Petras Auštrevičius: The new EU leadership in three words
Despite some fierce criticism from left and right, last week, the European Parliament voted to confirm former German Defence Minister Ursula von der Leyen as the next President of the European Commission. I’m confident that she has skills and abilities for this the most important EU top position.
Von der Leyen’s vision of Europe is ambitious: in her political agenda under the title “A Union that strives for more” she calls for a deeper EU integration and closer cooperation among EU states. As a convinced European, I can’t disagree with the idea of strong and unified EU which is capable not only to respond to global challenges but also to address its citizens’ concerns.
On this note, however, it must be acknowledged that proposal to nominate Von der Leyen as a candidate for this EU top job emerged as a result of a series of political compromises. Trustful sources say Von der Leyen’s candidacy was proposed by Donald Tusk, President of the European Council, in order to avoid the humiliation of Germany and Angela Merkel personally. A long-time close ally of Chancellor Angela Merkel, Von der Leyen certainly has solid political experience even as a compromise candidate.
Nevertheless, it is clear that by backing this proposal heads of EU members states to some extent ignored the will of millions of Europeans. Leading candidates of both European election winner parties – Christian Democrat Manfred Weber and socialist Frans Timmermans – were left behind. By wiping the idea of the Spitzenkandidat procedure - principle allowing voters a say in choosing ahead of EU executive - off the table, transparency of EU decision-making process was cast aside. Behind closed doors, the new European election took place.
The bitter yet justified disappointment by many voters makes clear that there is a need for more transparent regulation for democratically selecting the Commission president – and it will be one of Von der Leyen’s tasks. Most probably, EPP is among the most interested parties – its Spitzenkandidat Weber didn’t receive any of EU top positions, and the question whether he will become President of the European Parliament after 2,5 years is still open.
The weakest candidate to the other important EU position undoubtedly is Josep Borrell, a member of the Spanish Socialist Workers' Party and current Spain’s foreign minister, nominated as the next chief of EU foreign policy. His actions speak for themselves: Can a politician, who not only failed to condemn the actions of Vladimir Putin’s Russia and today’s China but also sympathized with the Venezuelan dictator N. Maduro, be trusted in the driver’s seat of the EU foreign policy? If these facts are not sufficient alone to question Borrell’s suitability for this position - recently, Borrell stated that he wanted to refrain from travelling around the world. An EU foreign policy leader sticking to his cabinet chair? Well, sounds interesting. Therefore, to Josep Borrell I would rather suggest abstaining from signing up for duties (especially when they have importance to over 500 million Europeans) which he is not able or willing to fulfil.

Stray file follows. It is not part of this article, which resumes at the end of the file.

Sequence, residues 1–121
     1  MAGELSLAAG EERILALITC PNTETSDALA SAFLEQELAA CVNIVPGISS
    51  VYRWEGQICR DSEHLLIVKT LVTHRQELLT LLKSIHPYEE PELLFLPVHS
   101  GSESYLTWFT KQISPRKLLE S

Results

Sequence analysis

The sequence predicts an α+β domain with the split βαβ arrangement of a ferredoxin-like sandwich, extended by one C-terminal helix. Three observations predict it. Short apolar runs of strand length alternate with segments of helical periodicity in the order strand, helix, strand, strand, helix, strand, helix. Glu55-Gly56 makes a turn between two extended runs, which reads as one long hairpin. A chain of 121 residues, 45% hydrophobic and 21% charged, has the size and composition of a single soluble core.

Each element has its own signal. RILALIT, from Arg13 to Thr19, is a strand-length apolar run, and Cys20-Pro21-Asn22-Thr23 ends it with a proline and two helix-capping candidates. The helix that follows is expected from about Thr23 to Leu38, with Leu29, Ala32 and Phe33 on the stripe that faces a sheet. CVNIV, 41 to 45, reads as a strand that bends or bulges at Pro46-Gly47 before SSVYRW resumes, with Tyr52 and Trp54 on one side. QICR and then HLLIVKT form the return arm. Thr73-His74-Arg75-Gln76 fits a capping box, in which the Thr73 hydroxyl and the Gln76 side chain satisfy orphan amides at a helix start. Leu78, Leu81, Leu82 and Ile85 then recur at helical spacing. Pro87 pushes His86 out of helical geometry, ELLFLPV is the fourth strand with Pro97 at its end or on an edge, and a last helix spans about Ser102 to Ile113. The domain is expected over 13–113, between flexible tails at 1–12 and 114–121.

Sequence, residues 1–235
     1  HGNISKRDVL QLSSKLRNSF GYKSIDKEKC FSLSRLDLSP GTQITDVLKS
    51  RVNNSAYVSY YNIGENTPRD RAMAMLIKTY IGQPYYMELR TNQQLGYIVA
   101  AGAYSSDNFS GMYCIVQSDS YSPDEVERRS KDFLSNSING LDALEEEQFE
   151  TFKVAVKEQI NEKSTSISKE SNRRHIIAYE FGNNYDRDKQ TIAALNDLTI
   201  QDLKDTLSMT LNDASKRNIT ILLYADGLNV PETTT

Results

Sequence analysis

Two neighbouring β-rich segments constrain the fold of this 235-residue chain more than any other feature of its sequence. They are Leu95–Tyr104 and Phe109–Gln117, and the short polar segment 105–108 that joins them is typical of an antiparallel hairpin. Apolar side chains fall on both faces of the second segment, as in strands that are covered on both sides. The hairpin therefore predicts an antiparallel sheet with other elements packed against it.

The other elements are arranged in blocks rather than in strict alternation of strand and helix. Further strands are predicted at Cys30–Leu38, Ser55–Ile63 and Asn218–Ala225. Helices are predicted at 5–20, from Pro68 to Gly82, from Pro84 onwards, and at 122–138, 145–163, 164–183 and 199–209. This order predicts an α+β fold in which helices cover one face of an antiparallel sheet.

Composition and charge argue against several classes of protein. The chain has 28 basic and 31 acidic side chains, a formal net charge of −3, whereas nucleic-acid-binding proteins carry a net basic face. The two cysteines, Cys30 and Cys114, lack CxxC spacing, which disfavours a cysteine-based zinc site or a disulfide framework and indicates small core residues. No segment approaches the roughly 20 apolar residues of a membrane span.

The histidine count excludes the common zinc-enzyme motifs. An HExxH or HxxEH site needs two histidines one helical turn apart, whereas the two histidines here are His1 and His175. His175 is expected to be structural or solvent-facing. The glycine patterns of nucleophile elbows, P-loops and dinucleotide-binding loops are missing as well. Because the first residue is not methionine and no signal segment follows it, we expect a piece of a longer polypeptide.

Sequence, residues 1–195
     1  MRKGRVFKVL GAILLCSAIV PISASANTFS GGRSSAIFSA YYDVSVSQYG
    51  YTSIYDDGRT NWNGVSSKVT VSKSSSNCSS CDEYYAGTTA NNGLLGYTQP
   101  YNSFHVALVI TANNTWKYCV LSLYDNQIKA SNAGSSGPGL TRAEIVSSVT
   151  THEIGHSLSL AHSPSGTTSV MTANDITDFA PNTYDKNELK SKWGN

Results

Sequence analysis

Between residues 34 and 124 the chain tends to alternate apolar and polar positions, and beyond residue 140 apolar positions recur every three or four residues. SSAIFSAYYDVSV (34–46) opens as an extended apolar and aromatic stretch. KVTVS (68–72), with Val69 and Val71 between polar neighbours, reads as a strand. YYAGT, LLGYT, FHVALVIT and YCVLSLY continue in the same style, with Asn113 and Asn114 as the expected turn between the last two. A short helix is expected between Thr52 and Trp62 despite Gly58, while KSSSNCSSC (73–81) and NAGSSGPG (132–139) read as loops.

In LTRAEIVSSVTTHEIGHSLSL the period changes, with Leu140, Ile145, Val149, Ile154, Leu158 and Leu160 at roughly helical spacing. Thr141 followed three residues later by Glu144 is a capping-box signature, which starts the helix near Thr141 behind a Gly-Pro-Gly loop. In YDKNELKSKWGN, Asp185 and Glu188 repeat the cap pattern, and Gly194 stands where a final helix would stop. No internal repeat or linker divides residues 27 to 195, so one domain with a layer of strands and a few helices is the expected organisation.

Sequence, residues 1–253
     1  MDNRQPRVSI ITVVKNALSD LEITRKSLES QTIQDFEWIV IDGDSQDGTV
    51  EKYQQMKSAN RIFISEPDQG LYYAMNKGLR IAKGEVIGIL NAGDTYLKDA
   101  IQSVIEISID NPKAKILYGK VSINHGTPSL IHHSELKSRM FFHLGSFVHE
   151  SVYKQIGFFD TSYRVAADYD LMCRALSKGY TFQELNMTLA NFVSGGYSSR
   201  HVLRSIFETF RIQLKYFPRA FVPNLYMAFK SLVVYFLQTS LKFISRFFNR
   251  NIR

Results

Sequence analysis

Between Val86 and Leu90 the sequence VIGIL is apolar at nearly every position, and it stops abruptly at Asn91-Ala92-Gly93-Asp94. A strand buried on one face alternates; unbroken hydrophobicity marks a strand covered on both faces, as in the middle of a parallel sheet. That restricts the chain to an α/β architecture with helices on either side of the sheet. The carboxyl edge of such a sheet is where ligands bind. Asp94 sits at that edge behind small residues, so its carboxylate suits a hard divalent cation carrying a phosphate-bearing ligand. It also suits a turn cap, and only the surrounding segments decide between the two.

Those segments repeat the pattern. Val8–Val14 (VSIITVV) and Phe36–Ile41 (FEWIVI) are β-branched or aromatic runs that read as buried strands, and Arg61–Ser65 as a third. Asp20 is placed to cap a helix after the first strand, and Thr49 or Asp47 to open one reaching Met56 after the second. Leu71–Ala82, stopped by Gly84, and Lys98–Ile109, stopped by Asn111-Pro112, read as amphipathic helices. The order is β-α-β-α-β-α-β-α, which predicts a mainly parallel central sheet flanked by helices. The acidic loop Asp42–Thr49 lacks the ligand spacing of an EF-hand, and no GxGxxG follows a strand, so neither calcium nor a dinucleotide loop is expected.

As far as other EU leaders are concerned: Charles Michel, Belgian prime minister, has been chosen to replace Donald Tusk as European Council president. A right choice from my point of view. Michel has already proved how miraculously he can reach political compromises and solve difficult situations. No wonder his appointment received strong support from French President Emmanuel Macron and Benelux countries.
The European Central Bank will be led by Christine Lagarde, a former French Treasury Secretary and head of the International Monetary Fund. The first woman in this position ever, who is also considered to be a proponent of Macron’s policies (and most likely to strongly support him in the next French elections).
To conclude, the new EU leadership can be described with three F-words: the first F stands for Fantasy, as EU leaders quite surprisingly chose their compromise candidates. The second F is a symbol of Francophonization – from this region were appointed the majority of politicians. And the third F means Feminization, which is very welcomed. Both Von der Leyen and Lagarde certainly deserved to be nominated to these demanding EU positions.
There were many discussions on why CEE and Northern European countries weren’t visible in the race for top EU jobs discussed above. Does it mean a defeat for this part of Europe? To some extent, yes. Will Lithuania experience some negative results? Let’s wait and see. But today very worrying is the fact that current Lithuanian decision-makers haven’t even started a public and transparent discussion on the nomination of a European Commissioner. Unfortunately, it reveals a current national approach to European politics.